How to CRUSH Negative Thought Patterns

It’s important for all of us to have positive thoughts, and patterns of thoughts because it helps keep us mentally and physically healthy. My parents were definitely a proponent of the “If you don’t have anything nice to say, don’t say anything at all” movement, but what if your not so nice sentiments aren’t actually spoken words, but thoughts that saturate your mind day in and day out? Our thoughts about ourselves AND others impact our feelings and behaviors – if our thoughts are for the most part crappy, negative, self-defeating or judgmental, our emotional state and behaviors will follow suit…even if we don’t mean them to. So, – how can you crush these negative thought patterns, helping yourself stay mentally positive? Here are 4 key strategies for your toolbox:

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Building Healthy Self-Esteem 1 of 2

The only person you should try to be better than, is the person you were yesterday.

What is self-esteem? Is it something we make or something we do? At times, self-esteem appears to be a living breathing organism, capable of growing and shrinking, strengthening and weakening. The concept of self-esteem arises from a culmination of our personal beliefs and self-perception. How are these perceptions developed? Well, without getting to psychological on y’all, how we begin to see ourselves is often shaped by the feedback we receive from others, especially those we are close to; mom, dad, siblings, caregivers, teachers, peers, bosses, and the list goes on.

Think ------Feel------Behave------Think--------Feel---------Behave------Think------Feel

How we feel about ourselves is also shaped by how we think, feel and behave (“TFB”). If you have ever been in a counseling session with me, there is no doubt that I have created the TFB triangle for you as a visual for how these three aspects directly affect each other, but are separate concepts. Now, subconsciously, these three processes love to get together and piggy back off one another. The thoughts we have about ourselves greatly affect the way that we feel about our abilities, which in turn can influence the actions we take, affecting the thoughts we have about ourselves that greatly affect the way that we feel about our abilities….and well, you get it, the cycle continues.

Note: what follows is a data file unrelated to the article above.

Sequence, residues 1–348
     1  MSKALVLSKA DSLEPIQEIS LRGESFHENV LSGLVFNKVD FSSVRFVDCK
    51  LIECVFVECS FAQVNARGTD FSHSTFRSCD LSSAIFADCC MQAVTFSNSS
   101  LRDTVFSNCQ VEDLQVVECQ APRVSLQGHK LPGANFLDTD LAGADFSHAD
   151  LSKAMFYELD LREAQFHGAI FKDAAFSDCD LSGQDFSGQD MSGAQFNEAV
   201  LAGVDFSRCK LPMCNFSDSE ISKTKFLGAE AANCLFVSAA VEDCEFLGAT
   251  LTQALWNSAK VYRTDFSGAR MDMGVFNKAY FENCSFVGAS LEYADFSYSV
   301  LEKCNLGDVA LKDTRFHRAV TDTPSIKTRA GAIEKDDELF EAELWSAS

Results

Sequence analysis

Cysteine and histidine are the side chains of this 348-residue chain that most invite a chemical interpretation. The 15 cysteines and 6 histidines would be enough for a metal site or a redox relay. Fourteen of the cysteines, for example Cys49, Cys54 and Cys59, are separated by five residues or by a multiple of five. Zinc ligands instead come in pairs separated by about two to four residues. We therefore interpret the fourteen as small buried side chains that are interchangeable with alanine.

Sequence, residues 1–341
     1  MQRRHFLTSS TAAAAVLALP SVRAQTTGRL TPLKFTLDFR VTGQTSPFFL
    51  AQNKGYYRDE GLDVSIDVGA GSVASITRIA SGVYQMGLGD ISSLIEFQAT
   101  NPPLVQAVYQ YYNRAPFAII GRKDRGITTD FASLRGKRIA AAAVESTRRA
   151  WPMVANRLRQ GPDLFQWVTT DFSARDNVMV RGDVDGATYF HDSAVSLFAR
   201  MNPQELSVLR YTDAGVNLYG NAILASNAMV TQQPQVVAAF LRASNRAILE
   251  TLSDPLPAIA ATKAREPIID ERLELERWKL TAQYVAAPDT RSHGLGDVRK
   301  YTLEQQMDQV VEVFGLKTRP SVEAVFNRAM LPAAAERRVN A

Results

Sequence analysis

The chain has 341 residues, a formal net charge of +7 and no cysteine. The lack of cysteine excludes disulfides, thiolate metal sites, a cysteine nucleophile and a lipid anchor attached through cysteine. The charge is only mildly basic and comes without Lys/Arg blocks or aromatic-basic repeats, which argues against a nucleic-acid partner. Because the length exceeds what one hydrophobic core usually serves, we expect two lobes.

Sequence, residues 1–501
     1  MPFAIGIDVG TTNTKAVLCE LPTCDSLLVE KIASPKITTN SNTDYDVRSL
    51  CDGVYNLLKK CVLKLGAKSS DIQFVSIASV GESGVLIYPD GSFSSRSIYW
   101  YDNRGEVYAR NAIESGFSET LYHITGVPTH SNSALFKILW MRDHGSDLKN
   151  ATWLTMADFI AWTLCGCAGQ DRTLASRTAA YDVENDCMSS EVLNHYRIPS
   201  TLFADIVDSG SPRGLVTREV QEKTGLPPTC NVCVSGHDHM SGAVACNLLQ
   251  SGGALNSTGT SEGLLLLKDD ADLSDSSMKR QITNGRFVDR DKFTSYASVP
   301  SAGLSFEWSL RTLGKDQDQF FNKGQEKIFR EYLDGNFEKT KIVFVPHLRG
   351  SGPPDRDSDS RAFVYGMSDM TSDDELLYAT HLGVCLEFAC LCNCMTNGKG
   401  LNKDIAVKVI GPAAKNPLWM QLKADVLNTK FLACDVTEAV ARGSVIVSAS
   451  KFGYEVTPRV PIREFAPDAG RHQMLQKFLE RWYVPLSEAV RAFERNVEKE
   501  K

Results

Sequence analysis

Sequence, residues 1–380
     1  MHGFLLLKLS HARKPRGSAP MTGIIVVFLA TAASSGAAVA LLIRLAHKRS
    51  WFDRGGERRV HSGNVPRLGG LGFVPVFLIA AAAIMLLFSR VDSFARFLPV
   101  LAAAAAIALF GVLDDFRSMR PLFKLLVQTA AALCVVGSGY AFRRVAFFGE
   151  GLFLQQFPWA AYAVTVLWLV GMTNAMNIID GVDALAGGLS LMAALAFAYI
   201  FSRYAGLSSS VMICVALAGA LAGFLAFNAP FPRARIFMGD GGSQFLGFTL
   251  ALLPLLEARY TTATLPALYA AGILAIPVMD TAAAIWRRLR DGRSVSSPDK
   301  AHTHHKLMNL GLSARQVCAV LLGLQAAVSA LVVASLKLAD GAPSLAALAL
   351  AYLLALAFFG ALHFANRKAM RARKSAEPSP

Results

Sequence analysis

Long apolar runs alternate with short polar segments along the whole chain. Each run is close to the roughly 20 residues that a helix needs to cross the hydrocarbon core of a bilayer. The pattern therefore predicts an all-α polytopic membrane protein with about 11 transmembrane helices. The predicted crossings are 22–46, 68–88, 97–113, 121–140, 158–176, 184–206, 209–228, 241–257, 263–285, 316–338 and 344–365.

One can largely argue that our thoughts, feelings and actions are also largely influenced (for some, more so early on in life) by the feedback we receive from others. Individuals with healthy self-esteem are able to acknowledge their personal strengths and weaknesses (I prefer to use the phrase, strengths and challenges) and be accepting of both.

Next week, we’ll build on today’s concept, and discuss great habits to have to help build a healthy self-image.